As a homeowner you have made a big investment. You are very specific how the interior is decorated to meet your needs. You may have already repainted, remodeled, reorganized multiple times to get it just right. We all do it. We pay much attention to what we see all the time. What we do not do is pay attention to the exterior of our home unless it’s in our focus. When we look at the exterior of our home we see landscape (bushes, grass, trees, flowers) and we address these on an as needed basis. Some may even have a landscape company tell you when it’s time to fertilize, plant, replant, water, etc. so we don’t need to know anything about it. The municipalities tell you when you can and cannot water to meet conservation efforts, so that’s less for you to be worried about. What has been ignored all along is your irrigation system. You as a homeowner need to especially be concerned with this system as it can be your greatest asset or your worst nightmare.
Irrigation systems are installed in most cases by licensed irrigators whom have been trained in the design and proper installation, operation and repair of such systems. Their license is regulated by the Texas Commission on Environmental Quality (www.tceq.texas.gov/drinkingwater/irrigation). Does that mean that all companies that install irrigation systems have a licensed irrigator perform the work? No, it does not. You selected a home builder because of quality. You selected furniture, paint, and other items for your home because of quality and workmanship. You need to be just as selective about your irrigator. You can verify that an irrigator is licensed by clicking here. So what happens if I choose a irrigator that isn’t licensed by the Texas Commission on Environmental Quality? Several things can and usually happen. A backflow preventer is not installed, the hydraulics are not calculated so you have dead areas that do not get watered, piping that has repeated failures because of improper fusion, leaks causing high water bills, improperly wired controllers and valves, and more. Let’s talk about the backflow preventer.
What is a backflow preventer and why do I need it? A backflow prevention assembly is an assembly that prevents backflow into the potable water supply. Backflow is the undesirable reversal of flow of water or other substances into the potable water supply. The reversal of water can happen by either backpressure or backsiphonage. Backpressure is caused by pumps (auxiliary water supplied by pumps from wells, lakes, etc), higher elevation (system extends up a hill or other elevated area creating a higher pressure downward), steam pressure, air pressure, etc. Backsiphonage is created by a reduction of pressure (water line burst, high water use through a fire hydrant or other source) or a complete loss of pressure (shutting down a water main for repairs and you turn on a faucet in your home and it sucks air). So a backflow preventer is installed at the start of the system to prevent our potable water from being contaminated. What is in our irrigation system that could cause us such great concern? The sprinkler heads sit at or just under the ground level. We apply fertilizers, insecticides to our lawns and plants. Animals urinate and defecate on our lawns leaving bacteria such as E Coli. Parasites and other bacteria is found on or in our soils as well. All of these things can and do get backsiphoned into the irrigation system and the backflow prevention assembly, providing it’s working properly or installed at all, stops those contaminants from getting into our drinking water. What if the irrigator installed your pool fill line to the irrigation system? You most likely will not know until someone in the pool gets sick from the water. An un-licensed irrigation company will do a lot to skirt the laws and regulations designed to not only protect the consumer but the integrity of our water systems and the proper operation of an irrigation system that conserves water and maintains your beautiful landscape. A licensed irrigator has been trained to not only properly design but to also properly install and maintain your irrigation system.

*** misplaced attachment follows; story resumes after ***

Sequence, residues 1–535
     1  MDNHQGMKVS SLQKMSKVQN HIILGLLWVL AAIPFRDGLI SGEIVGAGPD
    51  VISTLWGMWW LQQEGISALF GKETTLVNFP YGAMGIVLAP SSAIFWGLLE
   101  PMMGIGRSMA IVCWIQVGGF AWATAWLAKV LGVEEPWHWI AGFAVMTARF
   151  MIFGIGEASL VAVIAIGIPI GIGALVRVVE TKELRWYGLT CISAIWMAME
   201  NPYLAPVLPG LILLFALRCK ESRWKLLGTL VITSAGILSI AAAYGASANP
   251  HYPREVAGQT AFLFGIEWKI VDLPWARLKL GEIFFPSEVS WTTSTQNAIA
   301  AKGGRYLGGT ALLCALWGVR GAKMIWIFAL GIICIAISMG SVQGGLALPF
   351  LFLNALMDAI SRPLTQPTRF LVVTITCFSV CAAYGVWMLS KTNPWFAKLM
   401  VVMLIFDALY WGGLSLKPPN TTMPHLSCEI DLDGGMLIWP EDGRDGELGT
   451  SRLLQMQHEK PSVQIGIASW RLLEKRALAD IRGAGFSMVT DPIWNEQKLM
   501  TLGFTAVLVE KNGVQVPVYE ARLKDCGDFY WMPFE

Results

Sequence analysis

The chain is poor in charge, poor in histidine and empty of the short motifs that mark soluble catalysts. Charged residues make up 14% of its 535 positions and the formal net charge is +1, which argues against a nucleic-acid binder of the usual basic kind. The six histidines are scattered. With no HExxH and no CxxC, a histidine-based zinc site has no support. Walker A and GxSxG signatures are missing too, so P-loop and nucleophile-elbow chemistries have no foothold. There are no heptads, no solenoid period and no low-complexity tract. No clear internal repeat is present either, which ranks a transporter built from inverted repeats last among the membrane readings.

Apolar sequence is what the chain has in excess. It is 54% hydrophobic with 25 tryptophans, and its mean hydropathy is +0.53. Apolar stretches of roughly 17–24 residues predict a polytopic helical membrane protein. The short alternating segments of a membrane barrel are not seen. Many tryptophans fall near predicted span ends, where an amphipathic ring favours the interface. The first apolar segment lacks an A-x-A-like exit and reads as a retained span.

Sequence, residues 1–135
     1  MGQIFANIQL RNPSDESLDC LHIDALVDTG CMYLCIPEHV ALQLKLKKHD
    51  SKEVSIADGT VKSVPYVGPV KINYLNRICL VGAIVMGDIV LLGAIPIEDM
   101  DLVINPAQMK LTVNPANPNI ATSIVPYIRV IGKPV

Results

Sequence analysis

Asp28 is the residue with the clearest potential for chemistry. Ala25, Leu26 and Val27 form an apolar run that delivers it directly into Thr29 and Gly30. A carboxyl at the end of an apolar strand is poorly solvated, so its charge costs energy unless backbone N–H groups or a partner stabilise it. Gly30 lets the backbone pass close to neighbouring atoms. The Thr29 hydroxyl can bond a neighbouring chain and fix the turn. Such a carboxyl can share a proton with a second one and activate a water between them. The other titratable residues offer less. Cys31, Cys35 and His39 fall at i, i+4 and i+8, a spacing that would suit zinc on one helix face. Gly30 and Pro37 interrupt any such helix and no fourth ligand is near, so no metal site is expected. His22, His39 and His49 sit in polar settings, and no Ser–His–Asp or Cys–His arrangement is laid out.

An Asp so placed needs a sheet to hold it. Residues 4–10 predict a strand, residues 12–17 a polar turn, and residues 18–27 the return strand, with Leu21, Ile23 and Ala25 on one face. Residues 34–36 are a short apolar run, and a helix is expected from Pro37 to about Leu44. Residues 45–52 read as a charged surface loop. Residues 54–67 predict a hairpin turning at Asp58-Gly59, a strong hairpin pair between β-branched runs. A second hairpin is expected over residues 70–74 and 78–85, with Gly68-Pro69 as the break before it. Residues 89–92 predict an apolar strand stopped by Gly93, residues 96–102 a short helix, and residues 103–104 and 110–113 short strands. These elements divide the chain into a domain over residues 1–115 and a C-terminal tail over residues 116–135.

Let’s say that you have a well that supplies the water to your home and/or irrigation system. That makes it all ok, correct? No, it doesn’t. A well, although not a potable water supply, is a water source that needs to be protected also. For many years it has been misconstrued that a well is pure and clean and what we do does not affect any other people. That is a false and misleading statement. A well is an access point to a water table whether shallow or deep. That water table could be small (hundreds of feet wide and deep) or very large (hundreds of miles wide and hundreds if not thousands of feet deep). What we do in one well can certainly affect others on that same water table. Assuming you have your irrigation system connected to a well and the well is not protected by a backflow prevention assembly you could potentially contaminate that well making that water un-usable.
As a homeowner, you need to be just as concerned about what is outside your home as much as the inside of your home. Assuming you just bought your home and the irrigation system was already there. What do I do now? There is a controller usually installed in the garage area. Open it and there should be a sticker showing whom the installer was. If it is a manual controller the sticker will be attached to the maintenance manual. Go to this link to verify they are licensed by the TCEQ. Contact that Irrigator for a demonstration on the operation of your new system and how to turn it off and winterize should the weather dictate.
“Irrigation in Texas is regulated by the Texas Commission On Environmental Quality (TCEQ) (MC-178), P.O. Box 13087, Austin, Texas 78711-3087. TCEQ’s web site is: www.tceq.texas.gov.”